The next tab is Country Frequency showing the locations where testers with this haplogroup indicate that their earliest known ancestors are found.
The Crumley haplogroup has only 5 people, which is less than 1% of the people with ancestors from England.
However, taking a look at haplogroup R-M222 with many more testers, we see something a bit different.
Ireland is where R-M222 is found most frequently. 17% of the men who report their ancestors are from Ireland belong to haplogroup R-M222.
Note that this percentage also includes haplogroups downstream of haplogroup R-M222.
Mousing over any other location provides that same information for that area as well.
Seeing where the ancestors of your haplogroup matches are from can be extremely informative. The more refined your haplogroup, the more useful these tools will be for you. Big Y testers will benefit the most.
On the next page, you’ll discover which notable people have haplogroups either close to you…or maybe quite distant.
Your first Notable Connection will be the one closest to your haplogroup that FamilyTreeDNA was able to identify in their database. In some cases, the individual has tested, but in many cases, descendants of a common ancestor tested.
In this case, Bill Gates is our closest notable person. Our common haplogroup, meaning the intersection of Bill Gates’s haplogroup and my Crumley cousin’s haplogroup is I-L1195. The SNP mutation that defines haplogroup I-L1145 occurred about 4600 years ago. Both my Crumley cousin and Bill Gates descend from that man.
If you’re curious and want to learn more about your common haplogroup, remember, you can enter that haplogroup into the Discover tool. Kind of like genetic time travel. But let’s finish this one first.
Remember that CE means current era, or the number of years since the year “zero,” which doesn’t technically exist but functions as the beginning of the current era. Bill Gates was born in 1955 CE
BCE means “before current era,” meaning the number of years before the year “zero.” So 2600 BCE is approximately 4600 years ago.
Click through each dot for a fun look at who you’re “related to” and how distantly.
This tool is just for fun and reinforces the fact that at some level, we’re all related to each other.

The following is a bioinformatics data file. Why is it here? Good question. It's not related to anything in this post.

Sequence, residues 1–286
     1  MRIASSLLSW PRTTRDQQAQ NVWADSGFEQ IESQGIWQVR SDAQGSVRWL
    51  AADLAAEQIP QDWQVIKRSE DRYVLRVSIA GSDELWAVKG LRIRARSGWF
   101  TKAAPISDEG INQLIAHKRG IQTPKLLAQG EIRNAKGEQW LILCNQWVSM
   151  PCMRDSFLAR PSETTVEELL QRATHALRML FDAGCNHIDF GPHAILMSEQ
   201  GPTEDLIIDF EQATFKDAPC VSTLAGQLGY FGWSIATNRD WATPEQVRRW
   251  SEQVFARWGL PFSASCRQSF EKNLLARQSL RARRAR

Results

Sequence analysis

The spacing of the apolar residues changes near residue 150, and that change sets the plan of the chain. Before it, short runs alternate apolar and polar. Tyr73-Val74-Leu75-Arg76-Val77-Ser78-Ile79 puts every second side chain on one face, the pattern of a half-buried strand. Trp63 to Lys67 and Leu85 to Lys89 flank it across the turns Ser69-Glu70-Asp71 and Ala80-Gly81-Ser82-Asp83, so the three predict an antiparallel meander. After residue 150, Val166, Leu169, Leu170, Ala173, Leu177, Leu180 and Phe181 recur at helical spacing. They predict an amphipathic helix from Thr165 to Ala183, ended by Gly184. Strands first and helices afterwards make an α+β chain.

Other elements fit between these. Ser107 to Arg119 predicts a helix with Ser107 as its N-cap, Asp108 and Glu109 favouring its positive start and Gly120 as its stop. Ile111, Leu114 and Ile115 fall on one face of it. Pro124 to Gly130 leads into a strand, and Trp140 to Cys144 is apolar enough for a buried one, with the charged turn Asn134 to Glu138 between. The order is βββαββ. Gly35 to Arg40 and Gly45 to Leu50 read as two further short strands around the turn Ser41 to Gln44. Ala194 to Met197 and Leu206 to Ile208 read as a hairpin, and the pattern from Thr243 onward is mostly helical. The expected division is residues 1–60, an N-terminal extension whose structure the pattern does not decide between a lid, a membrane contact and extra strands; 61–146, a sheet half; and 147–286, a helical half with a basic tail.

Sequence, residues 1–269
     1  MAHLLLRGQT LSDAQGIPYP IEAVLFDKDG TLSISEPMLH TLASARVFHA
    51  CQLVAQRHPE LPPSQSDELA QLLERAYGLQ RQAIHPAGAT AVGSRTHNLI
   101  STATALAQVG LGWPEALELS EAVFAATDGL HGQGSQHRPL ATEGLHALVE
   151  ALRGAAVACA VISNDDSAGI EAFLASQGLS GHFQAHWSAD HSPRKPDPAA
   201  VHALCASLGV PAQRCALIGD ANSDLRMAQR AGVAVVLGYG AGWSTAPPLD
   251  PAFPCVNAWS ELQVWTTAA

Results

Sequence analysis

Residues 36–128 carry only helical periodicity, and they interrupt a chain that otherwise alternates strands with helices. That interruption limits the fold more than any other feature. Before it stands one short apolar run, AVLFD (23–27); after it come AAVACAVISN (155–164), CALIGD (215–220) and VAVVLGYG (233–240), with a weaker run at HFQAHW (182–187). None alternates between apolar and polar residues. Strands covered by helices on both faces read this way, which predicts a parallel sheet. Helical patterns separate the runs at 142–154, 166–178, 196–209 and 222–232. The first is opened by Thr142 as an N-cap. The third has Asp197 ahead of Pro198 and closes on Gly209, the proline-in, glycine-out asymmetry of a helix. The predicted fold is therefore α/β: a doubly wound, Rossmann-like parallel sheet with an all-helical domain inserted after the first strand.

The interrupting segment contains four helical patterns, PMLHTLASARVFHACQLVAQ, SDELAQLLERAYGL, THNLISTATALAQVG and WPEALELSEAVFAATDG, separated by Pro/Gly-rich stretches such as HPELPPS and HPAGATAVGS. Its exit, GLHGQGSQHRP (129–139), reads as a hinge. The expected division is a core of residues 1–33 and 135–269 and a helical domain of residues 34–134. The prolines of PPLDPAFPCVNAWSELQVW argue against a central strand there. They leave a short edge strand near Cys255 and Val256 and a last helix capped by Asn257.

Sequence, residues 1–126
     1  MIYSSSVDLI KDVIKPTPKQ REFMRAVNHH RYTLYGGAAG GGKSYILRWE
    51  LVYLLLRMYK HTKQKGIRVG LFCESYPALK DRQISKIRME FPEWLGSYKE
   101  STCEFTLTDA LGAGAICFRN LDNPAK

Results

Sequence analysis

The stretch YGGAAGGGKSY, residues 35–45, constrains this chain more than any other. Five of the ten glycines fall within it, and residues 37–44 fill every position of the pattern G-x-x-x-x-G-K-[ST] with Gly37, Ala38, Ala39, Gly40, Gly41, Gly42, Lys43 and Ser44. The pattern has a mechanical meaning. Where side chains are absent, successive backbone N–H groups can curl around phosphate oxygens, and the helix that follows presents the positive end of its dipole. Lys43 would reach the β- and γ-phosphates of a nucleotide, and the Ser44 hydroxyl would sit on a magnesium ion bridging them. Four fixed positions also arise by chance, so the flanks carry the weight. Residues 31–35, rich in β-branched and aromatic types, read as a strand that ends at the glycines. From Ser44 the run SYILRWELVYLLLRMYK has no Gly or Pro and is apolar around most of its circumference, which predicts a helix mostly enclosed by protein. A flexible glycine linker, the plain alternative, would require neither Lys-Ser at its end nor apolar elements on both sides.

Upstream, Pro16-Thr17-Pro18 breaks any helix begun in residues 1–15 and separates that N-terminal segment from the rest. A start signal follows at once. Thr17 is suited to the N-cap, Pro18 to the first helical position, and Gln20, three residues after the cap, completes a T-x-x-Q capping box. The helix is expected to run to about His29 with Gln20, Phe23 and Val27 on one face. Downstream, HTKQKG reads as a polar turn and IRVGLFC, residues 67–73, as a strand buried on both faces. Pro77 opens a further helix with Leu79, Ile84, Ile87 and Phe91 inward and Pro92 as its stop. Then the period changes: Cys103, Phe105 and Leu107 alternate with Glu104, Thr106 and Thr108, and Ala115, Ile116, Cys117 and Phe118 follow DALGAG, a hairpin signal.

Maybe you’re aware of more notables that could be added to the Discover pages.
The next tab provides brand spanking new migration maps that show the exodus of the various haplogroups out of Africa, through the Middle East, and in this case, into Europe.
Additionally, the little shovel icons show the ancient DNA sites that date to the haplogroup age for the haplogroup shown on the map, or younger. In our case, that’s haplogroup I-M223 (red arrow) that was formed about 16,000 years ago in Europe, near the red circle, at left. These haplogroup ancient sites (shovels) would all date to 16,000 years ago or younger, meaning they lived between 16,000 years ago and now.
By clicking on a shovel icon, more information is provided. It’s very interesting that I-L1145, the common haplogroup with Bill Gates is found in ancient DNA in Cardiff, Wales.
This is getting VERY interesting. Let’s look at the rest of the Ancient Connections.
Our closest Ancient Connection in time is Gen Scot 24 (so name in an academic paper) who lived in the Western Isles of Scotland.
These ancient connections are more likely cousins than direct ancestors, but of course, we can’t say for sure. We do know that the first man to develop haplogroup I-L126, about 2500 years ago, is an ancestor to both Gen Scot 24 and our Crumley ancestor.
Gen Scot 24 has been dated to 1445-1268 BCE which is about 3400 years ago, which could actually be older than the haplogroup age. Remember that both dating types are ranges, carbon dating is not 100% accurate, and ancient DNA can be difficult to sequence. Haplogroup ages are refined as more branches are discovered and the tree grows.
The convergence of these different technologies in a way that allows us to view the past in the context of our ancestors is truly amazing.
All of our Crumley cousin’s ancient relatives are found in Ireland or Scotland with the exception of the one found in Wales. I think, between this information and the haplogroup formation dates, it’s safe to say that our Crumley ancestors have been in either Scotland or Ireland for the past 4600 years, at least. And someone took a side trip to Wales, probably settled and died there.
Of course, now I need to research what was happening in Ireland and Scotland 4600 years ago because I know my ancestors were involved.
I’m EXTREMELY pleased to see suggested projects for this haplogroup based on which projects haplogroup members have joined.
You can click on any of the panels to read more about the project. Remember that not everyone joins a project because of their Y DNA line. Many projects accept people who are autosomally related or descend from the family through the mitochondrial line, the direct mother’s line.
Still, seeing the Crumley surname project would be a great “hint” all by itself if I didn’t already have that information.